According to post 2049 and following the difference in compression force between 800mbar (clamp type machine) and 999mbar (chamber machine) would not make such a terrible difference. Has anyone confirmed NY_Amateur's experiences?
You can easily infuse fruits and vegetables with a clamp type machine using vacuum containers, not bags, see Instant rum pot and Infusing cucumbers, melons etc.
You can't compress vegetables with the ZipLoc device or a FoodSaver for that matter. I don't know of an affordable solution that makes it possible to compress vegetables.
If someone knows of one, please let us know. I am dying to try compressed watermelon about which I have heard amazing things.
With the weaker vacuum of clamp type machines compared to chamber machines, the fruits will not become as perfectly translucent as in Jean-François' experiments, but on releasing the vacuum, the surrounding liquid will be sucked into the fruits anyway giving them the desired flavor. When fruits are kept compressed in the bag for a prolonged period, they might lose their elasticity and on releasing the vacuum they might not aspirate as much liquid as on immediate release of the vacuum. Would one of you guys with a chamber machine (blackp? Douglas Baldwin? Jean-François?) do a comparison test?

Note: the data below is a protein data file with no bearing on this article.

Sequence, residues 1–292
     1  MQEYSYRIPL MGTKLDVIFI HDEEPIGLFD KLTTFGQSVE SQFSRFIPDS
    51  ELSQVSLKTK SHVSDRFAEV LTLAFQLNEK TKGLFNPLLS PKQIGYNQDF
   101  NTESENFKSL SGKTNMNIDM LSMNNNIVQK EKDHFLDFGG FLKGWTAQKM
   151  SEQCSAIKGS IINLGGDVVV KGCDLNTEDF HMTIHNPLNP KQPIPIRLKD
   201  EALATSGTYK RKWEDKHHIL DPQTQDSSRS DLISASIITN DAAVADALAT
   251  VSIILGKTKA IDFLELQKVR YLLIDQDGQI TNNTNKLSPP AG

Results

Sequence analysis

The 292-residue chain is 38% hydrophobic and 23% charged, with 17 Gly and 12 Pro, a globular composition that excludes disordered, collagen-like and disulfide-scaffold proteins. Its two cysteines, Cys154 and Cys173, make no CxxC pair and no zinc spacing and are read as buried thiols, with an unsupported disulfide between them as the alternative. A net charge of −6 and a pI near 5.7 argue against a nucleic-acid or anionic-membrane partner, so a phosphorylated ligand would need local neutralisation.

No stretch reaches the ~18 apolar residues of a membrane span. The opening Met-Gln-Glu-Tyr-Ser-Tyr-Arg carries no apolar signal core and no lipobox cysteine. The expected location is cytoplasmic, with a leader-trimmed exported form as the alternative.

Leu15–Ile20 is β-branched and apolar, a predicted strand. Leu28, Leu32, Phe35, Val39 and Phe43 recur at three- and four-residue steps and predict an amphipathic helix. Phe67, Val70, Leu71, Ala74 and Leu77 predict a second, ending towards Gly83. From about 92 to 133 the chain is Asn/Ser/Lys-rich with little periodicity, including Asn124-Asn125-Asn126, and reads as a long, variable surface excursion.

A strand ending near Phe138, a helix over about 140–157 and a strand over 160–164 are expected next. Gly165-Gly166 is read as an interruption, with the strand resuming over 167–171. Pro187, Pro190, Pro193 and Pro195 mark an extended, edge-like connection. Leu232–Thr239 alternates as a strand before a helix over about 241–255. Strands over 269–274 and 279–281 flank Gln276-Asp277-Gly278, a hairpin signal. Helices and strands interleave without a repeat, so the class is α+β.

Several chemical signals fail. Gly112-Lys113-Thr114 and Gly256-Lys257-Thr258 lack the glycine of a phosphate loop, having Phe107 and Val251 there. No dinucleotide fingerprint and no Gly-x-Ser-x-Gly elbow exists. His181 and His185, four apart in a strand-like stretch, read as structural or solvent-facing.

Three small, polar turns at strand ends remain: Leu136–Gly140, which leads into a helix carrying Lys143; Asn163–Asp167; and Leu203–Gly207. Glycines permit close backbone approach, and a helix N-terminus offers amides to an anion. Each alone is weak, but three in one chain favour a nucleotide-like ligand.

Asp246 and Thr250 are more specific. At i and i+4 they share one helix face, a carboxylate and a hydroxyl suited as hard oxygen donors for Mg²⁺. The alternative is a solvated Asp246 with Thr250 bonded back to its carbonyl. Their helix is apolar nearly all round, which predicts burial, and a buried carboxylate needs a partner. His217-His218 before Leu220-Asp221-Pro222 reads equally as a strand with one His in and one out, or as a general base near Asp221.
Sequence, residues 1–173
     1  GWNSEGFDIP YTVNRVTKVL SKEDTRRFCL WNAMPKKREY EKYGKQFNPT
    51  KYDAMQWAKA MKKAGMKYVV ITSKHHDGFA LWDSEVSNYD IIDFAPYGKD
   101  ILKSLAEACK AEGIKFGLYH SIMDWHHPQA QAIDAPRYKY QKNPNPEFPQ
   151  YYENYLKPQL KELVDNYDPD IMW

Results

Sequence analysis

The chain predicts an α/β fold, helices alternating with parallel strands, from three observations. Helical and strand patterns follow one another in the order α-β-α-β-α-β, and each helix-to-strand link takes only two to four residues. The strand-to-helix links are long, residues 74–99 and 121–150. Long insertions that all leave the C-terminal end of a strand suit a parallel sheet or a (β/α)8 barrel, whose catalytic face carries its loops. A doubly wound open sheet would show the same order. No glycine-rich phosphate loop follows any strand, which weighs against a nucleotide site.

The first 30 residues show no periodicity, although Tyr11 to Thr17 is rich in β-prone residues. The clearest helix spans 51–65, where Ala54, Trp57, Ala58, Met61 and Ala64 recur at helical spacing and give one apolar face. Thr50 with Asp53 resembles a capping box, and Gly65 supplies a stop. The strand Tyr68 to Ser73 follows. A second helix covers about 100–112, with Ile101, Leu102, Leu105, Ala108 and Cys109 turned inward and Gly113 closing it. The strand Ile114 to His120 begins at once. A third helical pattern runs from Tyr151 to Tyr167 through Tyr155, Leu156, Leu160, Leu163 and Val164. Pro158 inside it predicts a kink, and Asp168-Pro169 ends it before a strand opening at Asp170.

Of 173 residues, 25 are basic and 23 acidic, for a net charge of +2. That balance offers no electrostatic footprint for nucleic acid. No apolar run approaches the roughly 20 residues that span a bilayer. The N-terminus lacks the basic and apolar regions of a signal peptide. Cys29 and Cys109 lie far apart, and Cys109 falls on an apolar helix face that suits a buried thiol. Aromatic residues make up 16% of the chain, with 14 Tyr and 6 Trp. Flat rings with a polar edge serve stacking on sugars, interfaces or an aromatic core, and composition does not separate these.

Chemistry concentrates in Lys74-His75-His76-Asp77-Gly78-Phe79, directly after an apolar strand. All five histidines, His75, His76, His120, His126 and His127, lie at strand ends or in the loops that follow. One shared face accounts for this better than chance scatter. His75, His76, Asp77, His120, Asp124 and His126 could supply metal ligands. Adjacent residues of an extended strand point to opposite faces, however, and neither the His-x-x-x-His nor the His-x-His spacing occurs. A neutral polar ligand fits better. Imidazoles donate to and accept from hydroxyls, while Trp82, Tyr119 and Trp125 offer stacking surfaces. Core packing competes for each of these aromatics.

Infusing is VERY different from compressing fruits significantly. I know several professional chefs that have had the compressed watermelon (for instance) from French Laundry. And they have tried and tried with clamp-type vacuum packers to get it to work and all have said that the tiny amount of compression that you get with a FoodSaver (and similar device) is just not enough to get the radical compression that people can get with good chamber-type sealers.
The texture changes quite radically with Keller's method. I have wondered if there is some kind of hand pump that can do it.
The syringe trick (if I am understanding it right wouldn't work for compression. Infusion works by sucking the air out of the spaces and having the liquid replace it when atmospheric pressure returns. So, it requires a rigid-walled container.
With the syringe trick you could apply positive pressure much higher than the difference between atmospheric pressure and vacuum. Did anyone try that?